Neil Findlay: Joining Better Together “one of the biggest political misjudgements in Labour’s 100-year history”


Jim Murphy faces a vote of no confidence on his leadership at the party’s Scottish national executive this Saturday [16 May]

NEIL FINDLAY, Labour MSP, has stated that Labour’s decision to link up with the Tories in the Better Together campaign against Scottish independence was “one of the biggest political misjudgements in Labour’s 100 year history”.

Findlay, who was a failed contender last year when Jim Murphy won the Scottish labour leadership contest, is on the left of the party and has resigned from the shadow cabinet citing his determination to play a full part in the debate over the party’s future after its worst election result in Scotland in over a century.

While not officially calling for Murphy to stand down, the Lothians MSP is known to not be happy with Murphy’s leadership, and did not play down the size of the party’s defeat on the ‘Labour Hame’ blog, stating: “So it wasn’t a tsunami, earthquake, tidal wave or landslide – it was all of them and as many other cataclysmic metaphors as you want to throw in.” (Click here to read more).

Findlay cited the Iraq war and the expenses scandal as key moments where the public lost trust with the party, and said the SNP were able to capitalise on this through having “the cleverest electoral force in the country with high quality strategists, policy advisers and media operators and in Alex Salmond they had one of the sharpest political minds around.”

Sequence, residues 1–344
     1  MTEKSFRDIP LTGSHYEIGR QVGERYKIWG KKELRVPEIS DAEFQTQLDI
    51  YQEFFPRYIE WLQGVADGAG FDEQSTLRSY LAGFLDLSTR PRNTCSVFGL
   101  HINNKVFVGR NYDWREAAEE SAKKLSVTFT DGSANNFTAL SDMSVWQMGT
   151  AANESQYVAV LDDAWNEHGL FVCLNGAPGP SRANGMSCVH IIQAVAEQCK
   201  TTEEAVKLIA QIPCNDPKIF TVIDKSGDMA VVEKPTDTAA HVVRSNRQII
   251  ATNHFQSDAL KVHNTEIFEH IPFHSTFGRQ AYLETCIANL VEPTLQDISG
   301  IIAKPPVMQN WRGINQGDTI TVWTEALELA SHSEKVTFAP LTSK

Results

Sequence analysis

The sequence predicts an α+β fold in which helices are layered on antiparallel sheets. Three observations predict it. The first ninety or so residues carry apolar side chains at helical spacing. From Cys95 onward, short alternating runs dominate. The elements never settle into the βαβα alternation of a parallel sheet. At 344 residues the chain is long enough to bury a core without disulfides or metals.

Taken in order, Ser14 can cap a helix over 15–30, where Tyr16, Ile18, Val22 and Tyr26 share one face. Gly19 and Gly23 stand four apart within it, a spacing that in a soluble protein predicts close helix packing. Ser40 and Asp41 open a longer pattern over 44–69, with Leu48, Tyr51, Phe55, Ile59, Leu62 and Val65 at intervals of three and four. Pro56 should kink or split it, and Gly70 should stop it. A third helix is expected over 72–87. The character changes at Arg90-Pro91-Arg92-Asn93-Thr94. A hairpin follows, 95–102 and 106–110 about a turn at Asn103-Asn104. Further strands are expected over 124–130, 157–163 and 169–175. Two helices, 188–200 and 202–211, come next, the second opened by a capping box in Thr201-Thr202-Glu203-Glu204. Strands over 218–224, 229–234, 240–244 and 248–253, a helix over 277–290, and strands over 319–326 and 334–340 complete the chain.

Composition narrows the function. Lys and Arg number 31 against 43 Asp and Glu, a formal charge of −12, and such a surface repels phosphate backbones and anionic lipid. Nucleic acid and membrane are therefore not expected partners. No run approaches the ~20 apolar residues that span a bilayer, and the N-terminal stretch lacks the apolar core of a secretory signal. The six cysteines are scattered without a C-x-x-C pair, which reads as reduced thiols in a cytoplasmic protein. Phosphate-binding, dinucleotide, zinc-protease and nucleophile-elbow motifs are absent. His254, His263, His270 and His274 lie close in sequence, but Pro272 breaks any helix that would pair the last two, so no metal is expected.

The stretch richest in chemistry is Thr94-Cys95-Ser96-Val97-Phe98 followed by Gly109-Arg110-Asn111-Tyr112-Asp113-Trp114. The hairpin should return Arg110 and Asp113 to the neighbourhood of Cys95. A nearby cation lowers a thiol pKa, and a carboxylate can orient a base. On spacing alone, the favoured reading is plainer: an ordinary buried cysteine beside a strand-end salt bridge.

In a frank admission of the party’s failure during the referendum to differentiate itself from the Tories in the No campaign, Findlay stated that “the decision (by whom I still don’t know) to establish the “Better Together” campaign in 2011 was one of the biggest political misjudgements in Labour’s 100 year history.”

He added: “That decision was taken with no reference to party members, MPs, MSPs, trade unions or indeed anyone that I know. It was a disastrous call!

“We had spent the previous 30 years successfully demonising the Tories as the enemy of the Scottish people, particularly the Scottish industrial working class and yet now the party of the workers was going to campaign alongside our traditional enemy.”

Unite the union, which Findlay is a member of and active supporter, has argued that Murphy should resign as Scottish leader, with General Secretary Len McCluskey stating on Thursday that the party should “say to the Scottish people we’re sorry for letting you down, for making you feel abandoned, and Scottish Labour is under new management. I think Jim and his colleagues should just leave the scene.” (Click here to read more).

Murphy faces a no confidence vote at the party’s Scottish national executive on Saturday [16 May].

Picture courtesy of Scottish Labour